It took me a couple of years to realize that I liked Latin. It took me a little longer to find out that I liked math, too. Mr. (later, Father) Woods S.J. gave me a 4 (out of a possible 100) on a freshman algebra test and then followed with some very good advice. The test had 25 problems, and the answers were multiple choice. A monkey could have guessed six of the answers correctly, but I only got one. "What happened?" Mr. Woods asked. I ran out of time, I said. "Oh no you didn't, you had plenty of time. I watched you. You spent the entire period staring out the window, daydreaming. You need to be careful of that. Learn to concentrate on what you're doing". And I've tried to do just that.
Which Version did Bach Use?
There are actually several versions of the Psalms and of the Vulgate. I found an excellent web article by Michael Tweedale, in which he discusses the merits and drawbacks of various editions of the Vulgate, along with his own research for his digital edition of the Clementine Vulgate ("The" Vulgate, for centuries the official Catholic Bible), which he has made available to the public. I've included the address of his site in the references.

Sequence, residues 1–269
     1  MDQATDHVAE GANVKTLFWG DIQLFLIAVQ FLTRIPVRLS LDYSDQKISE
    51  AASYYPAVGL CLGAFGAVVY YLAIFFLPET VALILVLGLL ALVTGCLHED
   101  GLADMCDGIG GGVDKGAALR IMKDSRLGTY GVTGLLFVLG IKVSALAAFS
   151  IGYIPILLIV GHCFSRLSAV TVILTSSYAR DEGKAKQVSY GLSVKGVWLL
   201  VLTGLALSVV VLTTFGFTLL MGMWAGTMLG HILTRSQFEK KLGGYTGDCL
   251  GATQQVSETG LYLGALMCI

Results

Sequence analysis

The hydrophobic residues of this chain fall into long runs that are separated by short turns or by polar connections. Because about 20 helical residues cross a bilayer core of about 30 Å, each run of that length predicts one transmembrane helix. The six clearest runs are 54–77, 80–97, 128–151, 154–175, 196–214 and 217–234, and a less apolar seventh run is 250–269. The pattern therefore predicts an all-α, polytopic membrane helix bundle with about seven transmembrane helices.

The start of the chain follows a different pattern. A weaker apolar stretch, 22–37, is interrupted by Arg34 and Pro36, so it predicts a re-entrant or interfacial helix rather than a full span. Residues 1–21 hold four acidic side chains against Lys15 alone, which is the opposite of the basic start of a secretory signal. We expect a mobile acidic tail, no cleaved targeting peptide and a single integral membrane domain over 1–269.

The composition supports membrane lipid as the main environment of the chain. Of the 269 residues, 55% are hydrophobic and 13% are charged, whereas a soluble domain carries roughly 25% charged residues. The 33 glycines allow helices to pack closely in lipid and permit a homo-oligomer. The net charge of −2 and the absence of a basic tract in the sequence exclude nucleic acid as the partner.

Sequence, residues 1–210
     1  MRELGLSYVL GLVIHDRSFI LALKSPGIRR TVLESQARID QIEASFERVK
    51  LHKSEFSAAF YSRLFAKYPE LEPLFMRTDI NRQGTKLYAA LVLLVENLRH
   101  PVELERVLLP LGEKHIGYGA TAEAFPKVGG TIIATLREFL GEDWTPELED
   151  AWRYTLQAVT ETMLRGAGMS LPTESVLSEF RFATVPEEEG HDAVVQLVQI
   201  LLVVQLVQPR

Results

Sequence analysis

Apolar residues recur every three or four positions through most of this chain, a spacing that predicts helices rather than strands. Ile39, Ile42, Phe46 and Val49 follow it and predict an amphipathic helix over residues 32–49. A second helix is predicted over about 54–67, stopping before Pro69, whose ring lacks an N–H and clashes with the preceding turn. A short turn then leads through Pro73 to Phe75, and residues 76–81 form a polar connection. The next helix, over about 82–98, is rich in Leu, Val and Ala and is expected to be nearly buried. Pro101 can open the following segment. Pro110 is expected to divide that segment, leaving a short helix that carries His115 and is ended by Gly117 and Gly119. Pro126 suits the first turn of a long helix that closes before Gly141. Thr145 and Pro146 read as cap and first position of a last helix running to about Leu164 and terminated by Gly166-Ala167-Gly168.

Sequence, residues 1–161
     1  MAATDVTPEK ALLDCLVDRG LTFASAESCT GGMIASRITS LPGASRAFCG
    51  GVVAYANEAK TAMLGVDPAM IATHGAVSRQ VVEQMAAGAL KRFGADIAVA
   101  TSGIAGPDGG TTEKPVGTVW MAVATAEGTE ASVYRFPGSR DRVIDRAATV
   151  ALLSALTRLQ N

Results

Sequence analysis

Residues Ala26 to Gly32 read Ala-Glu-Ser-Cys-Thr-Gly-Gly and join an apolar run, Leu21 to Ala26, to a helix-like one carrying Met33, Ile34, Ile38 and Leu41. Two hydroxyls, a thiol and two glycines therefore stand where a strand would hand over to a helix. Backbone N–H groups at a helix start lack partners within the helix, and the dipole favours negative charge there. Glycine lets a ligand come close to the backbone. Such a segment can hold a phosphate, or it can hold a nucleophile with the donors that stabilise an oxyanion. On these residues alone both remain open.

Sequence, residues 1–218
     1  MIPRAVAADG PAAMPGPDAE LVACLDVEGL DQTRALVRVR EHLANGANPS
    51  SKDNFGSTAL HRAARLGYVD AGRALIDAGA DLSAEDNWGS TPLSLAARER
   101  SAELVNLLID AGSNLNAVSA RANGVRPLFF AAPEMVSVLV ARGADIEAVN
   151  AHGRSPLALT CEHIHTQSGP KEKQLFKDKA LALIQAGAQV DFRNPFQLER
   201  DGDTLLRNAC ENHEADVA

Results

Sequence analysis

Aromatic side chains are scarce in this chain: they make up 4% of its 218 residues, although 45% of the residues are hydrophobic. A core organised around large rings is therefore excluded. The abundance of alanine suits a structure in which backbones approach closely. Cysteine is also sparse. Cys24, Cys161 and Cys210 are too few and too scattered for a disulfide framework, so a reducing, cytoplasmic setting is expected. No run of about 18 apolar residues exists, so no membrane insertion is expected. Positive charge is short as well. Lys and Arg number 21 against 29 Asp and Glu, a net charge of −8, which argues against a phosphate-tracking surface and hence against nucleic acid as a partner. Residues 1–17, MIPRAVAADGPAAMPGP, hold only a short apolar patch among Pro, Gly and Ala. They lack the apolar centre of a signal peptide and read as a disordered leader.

Incidentally, different versions of the Bible number the Psalms differently. The low-numbered and the high-numbered Psalms generally are the same in the Vulgate and in the King James family, but the ones in between differ by one.
I suppose Bach relied on Luther's Hebrew based German Bible for theology, but for a lot of his music, he used Latin.
I'm reasonably sure Bach used both Latin services (the equivalent of the Liber Usualis in whatever form he had available) and the Vulgate itself. The Vulgate was authorized by Pope Clement VIII and dates back to the Council of Trent in the late Fifteen Hundreds. This was more or less the official Latin Bible of the Catholic Church until the Twentieth Century. The more or less part applies especially to the Psalms. At least two official versions of the Psalms, both edited by Jerome, were used in Bach's time, and Bach used both. The older of the two is known as the Roman Psalter. The somewhat newer is called the Gallican Psalter. Many of the Psalms are the same, except for a few words here and there.